2. I just entered training in the bar business and I stumbled on this article. Back in the day, my dad owned a grocery store and I cut meat. I used to get these infections quite often. It is known as Paronychia as you correctly note. I found a simple solution to preventing these problems. at the end of each work day or more frequently, rinse you hands in a mild BLEACH WATER SOLUTION. BLEACH KILLS THE BACTERIA that cause this issue. But not too much bleach dont want to burn your skin.

    hg

    • We do use bleach water in the business – particularly at the end of the night. Right as you are in that it kills bacteria (which is why we use it for final surface cleaning, drains, sinks, etc) it’s probably good at SURFACE bacteria. It’s not going help you much once crap has entered your meat or bloodstream after hours on the job. At that point, you’re going to praying to the alter of White Blood Cells or even antibiotics. In extreme infection cases, you may even need surgical incision and relief along with meds.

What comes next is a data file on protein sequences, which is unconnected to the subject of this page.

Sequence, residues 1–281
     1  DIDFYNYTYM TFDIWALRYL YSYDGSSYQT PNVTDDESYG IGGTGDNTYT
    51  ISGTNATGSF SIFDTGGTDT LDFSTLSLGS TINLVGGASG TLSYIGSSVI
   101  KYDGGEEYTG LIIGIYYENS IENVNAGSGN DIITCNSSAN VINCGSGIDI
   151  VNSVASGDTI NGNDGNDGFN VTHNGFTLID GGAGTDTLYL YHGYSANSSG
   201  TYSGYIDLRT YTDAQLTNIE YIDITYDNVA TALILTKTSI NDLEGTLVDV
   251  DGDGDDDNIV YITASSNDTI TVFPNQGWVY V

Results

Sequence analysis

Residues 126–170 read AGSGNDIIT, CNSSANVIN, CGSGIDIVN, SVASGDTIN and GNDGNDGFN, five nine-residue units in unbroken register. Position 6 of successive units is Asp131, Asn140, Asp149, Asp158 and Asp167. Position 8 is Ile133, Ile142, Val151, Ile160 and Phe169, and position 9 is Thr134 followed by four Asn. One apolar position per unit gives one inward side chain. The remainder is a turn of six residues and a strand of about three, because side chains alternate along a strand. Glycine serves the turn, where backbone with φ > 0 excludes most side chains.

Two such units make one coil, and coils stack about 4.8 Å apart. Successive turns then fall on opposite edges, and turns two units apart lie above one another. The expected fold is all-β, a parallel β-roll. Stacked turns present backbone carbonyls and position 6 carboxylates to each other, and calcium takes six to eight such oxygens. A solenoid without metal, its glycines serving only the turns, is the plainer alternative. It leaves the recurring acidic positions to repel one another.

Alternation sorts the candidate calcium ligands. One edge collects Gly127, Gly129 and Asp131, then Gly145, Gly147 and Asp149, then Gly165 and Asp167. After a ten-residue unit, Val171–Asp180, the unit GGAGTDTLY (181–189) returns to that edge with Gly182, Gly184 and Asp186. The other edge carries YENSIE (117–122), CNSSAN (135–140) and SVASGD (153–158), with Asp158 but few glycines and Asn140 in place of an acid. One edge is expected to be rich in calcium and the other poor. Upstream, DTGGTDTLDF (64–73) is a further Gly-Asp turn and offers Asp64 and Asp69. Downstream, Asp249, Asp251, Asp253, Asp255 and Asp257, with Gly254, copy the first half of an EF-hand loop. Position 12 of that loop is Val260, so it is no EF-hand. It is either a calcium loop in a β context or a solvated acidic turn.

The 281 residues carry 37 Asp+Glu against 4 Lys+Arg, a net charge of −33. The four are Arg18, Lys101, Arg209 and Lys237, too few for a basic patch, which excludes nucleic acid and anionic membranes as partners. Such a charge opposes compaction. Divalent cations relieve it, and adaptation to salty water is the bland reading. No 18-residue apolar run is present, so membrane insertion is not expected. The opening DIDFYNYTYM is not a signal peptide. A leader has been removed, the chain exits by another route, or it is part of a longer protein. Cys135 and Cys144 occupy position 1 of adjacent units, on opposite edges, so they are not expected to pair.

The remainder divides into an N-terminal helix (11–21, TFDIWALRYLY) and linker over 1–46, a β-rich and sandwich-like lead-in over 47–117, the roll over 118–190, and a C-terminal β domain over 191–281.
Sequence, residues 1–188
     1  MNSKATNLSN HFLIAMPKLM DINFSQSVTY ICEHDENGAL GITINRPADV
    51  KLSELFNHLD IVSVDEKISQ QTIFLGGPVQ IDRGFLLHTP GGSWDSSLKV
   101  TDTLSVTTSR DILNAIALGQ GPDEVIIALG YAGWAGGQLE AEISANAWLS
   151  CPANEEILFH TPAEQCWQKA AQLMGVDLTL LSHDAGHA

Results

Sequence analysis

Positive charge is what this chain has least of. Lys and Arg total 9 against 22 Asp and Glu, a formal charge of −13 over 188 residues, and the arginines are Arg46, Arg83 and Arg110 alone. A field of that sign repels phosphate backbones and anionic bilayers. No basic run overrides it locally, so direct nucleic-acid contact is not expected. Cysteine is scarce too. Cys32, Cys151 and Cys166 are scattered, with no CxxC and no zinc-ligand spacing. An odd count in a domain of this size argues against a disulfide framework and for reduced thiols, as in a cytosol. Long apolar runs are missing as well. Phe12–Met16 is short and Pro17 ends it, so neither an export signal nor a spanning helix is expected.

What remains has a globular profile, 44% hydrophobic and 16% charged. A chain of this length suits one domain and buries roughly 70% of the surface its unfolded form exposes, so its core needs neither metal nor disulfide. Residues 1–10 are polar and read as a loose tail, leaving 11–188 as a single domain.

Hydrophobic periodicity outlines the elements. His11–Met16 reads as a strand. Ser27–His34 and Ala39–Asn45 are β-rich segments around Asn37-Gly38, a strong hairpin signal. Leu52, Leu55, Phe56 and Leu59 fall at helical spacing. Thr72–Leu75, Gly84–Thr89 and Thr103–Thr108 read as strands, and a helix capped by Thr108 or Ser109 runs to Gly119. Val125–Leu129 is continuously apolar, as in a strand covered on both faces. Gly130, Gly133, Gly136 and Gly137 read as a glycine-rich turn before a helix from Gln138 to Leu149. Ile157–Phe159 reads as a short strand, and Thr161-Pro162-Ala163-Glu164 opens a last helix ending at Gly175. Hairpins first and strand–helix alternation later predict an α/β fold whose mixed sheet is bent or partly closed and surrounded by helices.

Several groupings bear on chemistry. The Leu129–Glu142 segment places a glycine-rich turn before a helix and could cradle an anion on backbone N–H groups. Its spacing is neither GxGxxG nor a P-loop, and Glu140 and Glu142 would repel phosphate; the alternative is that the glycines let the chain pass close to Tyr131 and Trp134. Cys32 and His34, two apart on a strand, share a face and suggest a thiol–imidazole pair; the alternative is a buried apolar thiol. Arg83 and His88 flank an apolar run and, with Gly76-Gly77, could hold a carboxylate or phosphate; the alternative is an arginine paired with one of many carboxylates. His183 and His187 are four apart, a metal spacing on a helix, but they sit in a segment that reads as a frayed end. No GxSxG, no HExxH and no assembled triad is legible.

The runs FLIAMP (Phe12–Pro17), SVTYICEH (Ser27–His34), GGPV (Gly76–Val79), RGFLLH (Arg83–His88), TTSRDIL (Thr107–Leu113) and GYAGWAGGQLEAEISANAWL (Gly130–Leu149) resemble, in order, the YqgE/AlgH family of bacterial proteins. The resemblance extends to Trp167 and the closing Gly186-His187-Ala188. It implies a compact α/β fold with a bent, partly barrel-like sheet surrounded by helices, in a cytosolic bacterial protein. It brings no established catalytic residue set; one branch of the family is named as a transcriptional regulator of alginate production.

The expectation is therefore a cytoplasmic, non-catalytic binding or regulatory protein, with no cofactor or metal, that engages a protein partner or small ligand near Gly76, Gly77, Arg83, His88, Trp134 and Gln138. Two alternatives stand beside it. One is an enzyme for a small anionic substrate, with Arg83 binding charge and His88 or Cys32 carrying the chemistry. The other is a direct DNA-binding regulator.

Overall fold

Furthermore, even a mild bleach/water solution will irritate your skin. Given a significant amount of time with said solution, your skin will be robbed of oil and begin to dry/crack. You’re far better off with gloves. “Not too much” is quite arbitrary. It’s not unusual to use an ounce (or about a cap full) of bleach per half-gallon of water.

  3. I use a hemp hand protector…about $20/tube from the body shop. My cuticles tend to split especially during the winter time anf this is the best I’ve found. Using a tea tree oil extract helps too

  4. I’m glad I found this article because I don’t like to talk/complain about my weird little (but extremely irritating) hand wounds and now I realize I’m not alone. I was especially thrown off when my fingertip was killing me for like a week and then a bunch of puss came out eventually. This sucks, and yeah, working at a busy bar there’s like nothing you can do about it!

  5. I personally wouldn’t use carmex, it has a crazy chemical in it that can kill you by itself if a quarter of an inch gets on you. I’ve heard white wine vinegar and other solutions work ie leaving a glove on your hand over night with lotion or a home made remedy works great